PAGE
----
On July 28, 1885 U. S. Patent Number 322, 991 was granted to Frank L. Stowell of New York City for his "Knife Eraser."
Stowell's tool included a sharp edge for pen making or general cutting (G), an ink eraser edge (E), a notch used for pencil sharpening (D), a file surface for sharpening the lead of a pencil (C), a handle (A), and an eraser to be fitted at the end of the handle (K).
Stowell suggested the handle could be made of "wood, hard rubber, ivory, celluloid, or any other suitable material." Two examples have been documented with wood handles.
Although the patent does not mention a corkscrew, both documented examples contain a corkscrew accessed by unthreading a wood plug in the eraser end from the worm. The corkscrew would be used for opening an ink bottle.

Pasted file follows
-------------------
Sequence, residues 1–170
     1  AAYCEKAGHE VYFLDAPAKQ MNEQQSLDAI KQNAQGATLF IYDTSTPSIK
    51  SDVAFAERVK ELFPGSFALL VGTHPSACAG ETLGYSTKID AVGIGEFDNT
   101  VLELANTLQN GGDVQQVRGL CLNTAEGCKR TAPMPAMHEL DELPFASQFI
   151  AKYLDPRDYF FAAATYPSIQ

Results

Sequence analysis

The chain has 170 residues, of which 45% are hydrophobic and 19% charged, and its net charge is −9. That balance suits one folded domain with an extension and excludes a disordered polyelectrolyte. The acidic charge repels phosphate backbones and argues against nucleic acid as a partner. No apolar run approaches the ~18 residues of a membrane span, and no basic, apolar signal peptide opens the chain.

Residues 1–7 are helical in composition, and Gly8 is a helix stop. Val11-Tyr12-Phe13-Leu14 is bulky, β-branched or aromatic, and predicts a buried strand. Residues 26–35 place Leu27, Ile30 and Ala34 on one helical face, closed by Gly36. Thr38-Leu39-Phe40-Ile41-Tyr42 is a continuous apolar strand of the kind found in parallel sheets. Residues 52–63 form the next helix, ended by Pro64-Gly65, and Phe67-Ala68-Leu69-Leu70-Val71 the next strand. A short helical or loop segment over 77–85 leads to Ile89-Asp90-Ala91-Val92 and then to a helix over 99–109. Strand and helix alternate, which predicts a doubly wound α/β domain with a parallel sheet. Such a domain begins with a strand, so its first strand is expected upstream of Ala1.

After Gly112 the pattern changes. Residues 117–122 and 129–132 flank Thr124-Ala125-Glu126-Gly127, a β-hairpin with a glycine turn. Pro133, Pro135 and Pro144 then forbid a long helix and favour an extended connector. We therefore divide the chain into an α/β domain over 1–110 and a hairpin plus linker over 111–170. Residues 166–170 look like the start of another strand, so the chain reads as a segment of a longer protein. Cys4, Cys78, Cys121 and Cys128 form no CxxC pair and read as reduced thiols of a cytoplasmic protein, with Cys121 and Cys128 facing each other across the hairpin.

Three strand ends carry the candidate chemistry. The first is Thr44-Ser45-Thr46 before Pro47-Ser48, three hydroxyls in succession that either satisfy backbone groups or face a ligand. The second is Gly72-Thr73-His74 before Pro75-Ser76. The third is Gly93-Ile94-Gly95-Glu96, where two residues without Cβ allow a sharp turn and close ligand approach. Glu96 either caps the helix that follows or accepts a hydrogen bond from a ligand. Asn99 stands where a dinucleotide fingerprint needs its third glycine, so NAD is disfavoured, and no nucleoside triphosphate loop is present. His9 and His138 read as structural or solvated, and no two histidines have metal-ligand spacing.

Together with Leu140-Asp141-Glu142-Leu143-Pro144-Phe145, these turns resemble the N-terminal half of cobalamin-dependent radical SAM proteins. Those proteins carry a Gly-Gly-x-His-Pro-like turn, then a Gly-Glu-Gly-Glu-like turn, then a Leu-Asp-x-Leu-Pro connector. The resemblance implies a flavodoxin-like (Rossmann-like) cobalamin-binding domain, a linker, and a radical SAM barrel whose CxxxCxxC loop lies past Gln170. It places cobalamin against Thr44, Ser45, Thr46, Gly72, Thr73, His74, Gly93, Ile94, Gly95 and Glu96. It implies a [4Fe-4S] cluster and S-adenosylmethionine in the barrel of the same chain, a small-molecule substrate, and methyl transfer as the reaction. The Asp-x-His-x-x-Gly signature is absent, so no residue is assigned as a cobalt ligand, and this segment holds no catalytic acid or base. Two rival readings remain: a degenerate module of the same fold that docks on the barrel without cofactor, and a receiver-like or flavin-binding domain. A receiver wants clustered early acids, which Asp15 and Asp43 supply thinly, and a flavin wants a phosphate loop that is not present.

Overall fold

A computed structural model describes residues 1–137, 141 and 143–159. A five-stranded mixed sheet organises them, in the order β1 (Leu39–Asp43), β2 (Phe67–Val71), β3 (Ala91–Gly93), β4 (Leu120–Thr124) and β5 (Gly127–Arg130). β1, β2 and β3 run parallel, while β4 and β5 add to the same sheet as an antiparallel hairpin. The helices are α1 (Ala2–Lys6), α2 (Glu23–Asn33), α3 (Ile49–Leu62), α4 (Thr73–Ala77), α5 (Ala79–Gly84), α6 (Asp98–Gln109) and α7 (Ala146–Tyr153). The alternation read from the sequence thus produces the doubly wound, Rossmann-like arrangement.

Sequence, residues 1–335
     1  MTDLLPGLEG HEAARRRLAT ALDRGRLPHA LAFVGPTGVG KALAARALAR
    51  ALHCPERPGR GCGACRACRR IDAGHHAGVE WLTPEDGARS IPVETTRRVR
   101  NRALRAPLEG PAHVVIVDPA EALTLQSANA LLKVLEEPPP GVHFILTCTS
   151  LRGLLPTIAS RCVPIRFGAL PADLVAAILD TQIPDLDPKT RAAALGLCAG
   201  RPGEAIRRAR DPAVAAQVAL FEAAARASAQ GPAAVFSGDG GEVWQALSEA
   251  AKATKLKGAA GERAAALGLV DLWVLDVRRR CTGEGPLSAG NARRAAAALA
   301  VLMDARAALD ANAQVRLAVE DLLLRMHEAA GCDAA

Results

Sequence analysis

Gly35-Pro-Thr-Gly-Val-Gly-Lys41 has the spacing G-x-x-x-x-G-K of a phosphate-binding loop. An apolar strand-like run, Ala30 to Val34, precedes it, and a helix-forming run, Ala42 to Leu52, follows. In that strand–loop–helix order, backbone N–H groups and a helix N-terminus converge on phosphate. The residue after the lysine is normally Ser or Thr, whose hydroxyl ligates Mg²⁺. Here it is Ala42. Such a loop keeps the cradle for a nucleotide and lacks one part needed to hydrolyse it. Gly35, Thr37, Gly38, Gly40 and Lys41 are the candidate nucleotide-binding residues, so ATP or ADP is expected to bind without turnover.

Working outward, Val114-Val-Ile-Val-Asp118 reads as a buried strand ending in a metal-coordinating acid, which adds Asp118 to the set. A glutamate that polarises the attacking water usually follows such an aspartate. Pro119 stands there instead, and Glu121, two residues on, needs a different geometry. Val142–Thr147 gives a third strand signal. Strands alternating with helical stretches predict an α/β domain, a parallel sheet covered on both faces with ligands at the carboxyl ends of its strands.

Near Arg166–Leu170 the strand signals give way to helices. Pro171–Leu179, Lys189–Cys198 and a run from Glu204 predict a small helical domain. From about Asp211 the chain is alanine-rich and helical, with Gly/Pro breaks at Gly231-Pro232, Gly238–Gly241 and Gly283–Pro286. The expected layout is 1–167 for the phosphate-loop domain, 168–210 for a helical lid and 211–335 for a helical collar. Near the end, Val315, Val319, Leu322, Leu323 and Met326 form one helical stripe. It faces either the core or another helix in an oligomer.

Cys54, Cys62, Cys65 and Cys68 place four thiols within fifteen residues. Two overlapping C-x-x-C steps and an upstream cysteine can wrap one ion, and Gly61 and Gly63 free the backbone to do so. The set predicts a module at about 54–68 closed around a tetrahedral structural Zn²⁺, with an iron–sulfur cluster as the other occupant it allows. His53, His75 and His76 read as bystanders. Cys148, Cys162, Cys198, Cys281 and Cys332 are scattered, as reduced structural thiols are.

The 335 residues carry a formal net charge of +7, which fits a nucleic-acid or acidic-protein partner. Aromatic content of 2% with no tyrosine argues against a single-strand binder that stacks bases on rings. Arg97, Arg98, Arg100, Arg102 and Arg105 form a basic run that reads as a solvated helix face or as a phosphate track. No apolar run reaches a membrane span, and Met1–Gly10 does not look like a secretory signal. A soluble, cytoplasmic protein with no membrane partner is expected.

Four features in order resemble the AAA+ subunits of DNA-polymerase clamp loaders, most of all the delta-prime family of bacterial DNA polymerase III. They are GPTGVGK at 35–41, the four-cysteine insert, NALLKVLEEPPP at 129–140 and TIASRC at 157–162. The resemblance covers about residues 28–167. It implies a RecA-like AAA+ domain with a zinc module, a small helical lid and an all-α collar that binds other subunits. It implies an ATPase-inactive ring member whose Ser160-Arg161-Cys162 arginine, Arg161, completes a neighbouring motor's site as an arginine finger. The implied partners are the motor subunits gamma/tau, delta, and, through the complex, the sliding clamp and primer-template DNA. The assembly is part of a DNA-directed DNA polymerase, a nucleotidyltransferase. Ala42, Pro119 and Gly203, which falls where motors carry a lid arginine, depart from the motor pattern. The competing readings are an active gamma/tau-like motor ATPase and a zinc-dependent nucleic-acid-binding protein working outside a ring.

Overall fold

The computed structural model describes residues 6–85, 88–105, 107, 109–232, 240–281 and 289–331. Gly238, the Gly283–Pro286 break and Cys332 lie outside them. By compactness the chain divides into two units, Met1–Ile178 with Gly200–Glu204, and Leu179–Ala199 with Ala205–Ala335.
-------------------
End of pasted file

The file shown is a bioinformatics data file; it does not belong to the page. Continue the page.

The Museum example is marked PAT. APPLIED FOR. Fred O'Learys Corkscrews: 1000 Patented Ways to Open a Bottle pictures an example marked PAT JULY 28. 85. Neither one has the rubber sleeve to protect the file and on both the file is wider than shown in the patent.
Stowell's intention for the rubber sleeve was "to prevent dropping of the lead-powder on the paper, and also to prevent soiling of the fingers when the instrument is used for cutting, sharpening, or erasing..." He also suggests that "the entire blade and part of the handle may be covered...by a sheath similar to that used for an ordinary eraser."
Stowell submitted his patent claim June 19, 1884.
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©2000 Donald A. Bull